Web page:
When Diversifying Has Too Many DownsidesSheaff Briefs Editor
Strategies for Concentrated Equity Positions
Part One: Covered Calls
Whether through love or happenstance, like many investors, you may have ended up with a very large investment position in one company or in several companies within the same industry. Perhaps you received stock from an employer as part of your retirement package. You might have inherited shares from a beloved family member. You might have intentionally built a big position in the shares of a company you admire. Whatever the reason for the concentrated equity buildup in one stock or industry, you now feel it would be a good idea to diversify that risk. Additionally, you’d welcome a more consistent income flow. It’s no mystery what’s been keeping you non-diversified (while possibly keeping you up at night)—the potential tax consequences of a sale.
Sheaff Brock derivatives portfolio manager James “Louie” Humphries, J.D., explains that there are a number of strategies that can help with both the need for income and with tax efficiency, using equity options alongside equity positions. Each strategy comes with unique benefits and risks. This article, explaining covered calls, represents the first in a series on the different ways in which equity options can be used as an investment strategy for concentrated equity positions.
A covered call an options trading strategy in which the trader sells a call option while owning an equivalent amount of the underlying security. It is generally “written” (sold) at a strike price above the current price of the underlying equity (a portion of the concentrated equity position). See a visual representation below, in which point A is the strike price of the call option written, and in which the blue line represents the maximum potential gain or loss. The seller is obligated to sell the stock at the strike price. (Source: optionsplaybook.com)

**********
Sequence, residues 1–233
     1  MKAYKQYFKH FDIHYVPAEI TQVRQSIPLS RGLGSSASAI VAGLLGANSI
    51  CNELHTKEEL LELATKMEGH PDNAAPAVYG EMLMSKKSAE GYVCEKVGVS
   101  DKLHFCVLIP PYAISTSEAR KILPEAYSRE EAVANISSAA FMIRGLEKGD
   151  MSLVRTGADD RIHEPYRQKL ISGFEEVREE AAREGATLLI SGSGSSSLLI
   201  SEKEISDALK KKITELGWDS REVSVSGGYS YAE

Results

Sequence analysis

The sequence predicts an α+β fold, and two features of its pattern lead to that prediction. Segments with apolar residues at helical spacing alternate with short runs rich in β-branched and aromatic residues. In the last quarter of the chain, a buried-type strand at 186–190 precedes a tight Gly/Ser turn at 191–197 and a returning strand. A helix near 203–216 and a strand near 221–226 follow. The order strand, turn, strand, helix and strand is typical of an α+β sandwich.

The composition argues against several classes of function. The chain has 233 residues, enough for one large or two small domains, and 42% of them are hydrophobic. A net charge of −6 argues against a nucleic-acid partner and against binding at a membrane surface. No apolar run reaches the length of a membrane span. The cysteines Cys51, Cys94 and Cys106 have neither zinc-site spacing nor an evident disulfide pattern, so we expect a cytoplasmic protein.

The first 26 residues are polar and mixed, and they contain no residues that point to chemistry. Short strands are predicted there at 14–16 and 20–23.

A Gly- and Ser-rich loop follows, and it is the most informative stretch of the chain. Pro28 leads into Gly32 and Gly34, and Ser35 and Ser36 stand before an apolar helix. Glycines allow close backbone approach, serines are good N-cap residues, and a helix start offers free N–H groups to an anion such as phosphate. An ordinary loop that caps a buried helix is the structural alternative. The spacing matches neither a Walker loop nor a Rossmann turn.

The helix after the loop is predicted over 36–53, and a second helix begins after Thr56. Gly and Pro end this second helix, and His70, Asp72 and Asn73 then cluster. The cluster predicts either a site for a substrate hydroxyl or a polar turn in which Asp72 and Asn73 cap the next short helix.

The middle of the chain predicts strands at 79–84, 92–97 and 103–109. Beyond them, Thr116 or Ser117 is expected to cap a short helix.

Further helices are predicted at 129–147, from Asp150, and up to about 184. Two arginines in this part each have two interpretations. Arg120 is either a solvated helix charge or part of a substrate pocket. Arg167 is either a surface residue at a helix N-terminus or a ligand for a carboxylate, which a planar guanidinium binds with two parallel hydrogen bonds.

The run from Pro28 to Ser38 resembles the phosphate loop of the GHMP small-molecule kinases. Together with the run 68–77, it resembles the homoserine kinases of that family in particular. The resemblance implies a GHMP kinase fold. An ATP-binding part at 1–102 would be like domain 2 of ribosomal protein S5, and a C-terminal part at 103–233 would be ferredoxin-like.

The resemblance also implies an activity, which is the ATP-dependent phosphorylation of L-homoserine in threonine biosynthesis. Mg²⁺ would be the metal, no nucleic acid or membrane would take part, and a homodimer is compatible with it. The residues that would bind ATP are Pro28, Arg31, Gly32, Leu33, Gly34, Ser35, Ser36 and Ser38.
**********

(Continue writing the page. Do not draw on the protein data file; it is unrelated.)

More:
Possible outcomes of a covered call transaction:
- Selling a covered call on a concentrated equity position can produce income in the form of premium that is collected when the option is sold—and all with a goal of the option expiring worthless. (You want the price of the underlying equity to be at or below the strike price at expiration. If it is above the strike price at expiration, the option will be assigned and the stock “called away,” creating a tax liability.
- Maximum profit is limited to the premium collected when the call option is sold. Potential loss is mostly embedded in the underlying stock, in that this option provides no protection to a downward move in the stock price. Opportunity cost may also be a concern. The stock price could appreciate quickly to the upside and those gains missed if the option is assigned.
Best practices to consider:
- Not setting the strike price too low because, while that increases the premium collected, it also increases the likelihood that the stock will be called away through assignment. Instead, sell the call with a strike price you would be happy to receive if you were to sell the stock.
- Using only a portion of your underlying position, which limits the likelihood of the position being called away or of missing a large upside.
- Laddering the calls to allow writing over a series of strike prices and/or expiration dates.
- Not “chasing” call options, but being willing to let the stock be called through assignment.
Option overlay strategy for concentrated equity positions
There’s nothing new about option overlays. In fact, the majority of U.S. pension plans have adopted overlay techniques as part of their investment tactics—using derivative investments with an underlying securities portfolio serving as collateral. At Sheaff Brock, we are in our third decade of helping investors with concentrated equity positions use protective portfolio tactics such as covered call overlays.
Perhaps, with professional help, diversifying your portfolio holdings can have an upside after all.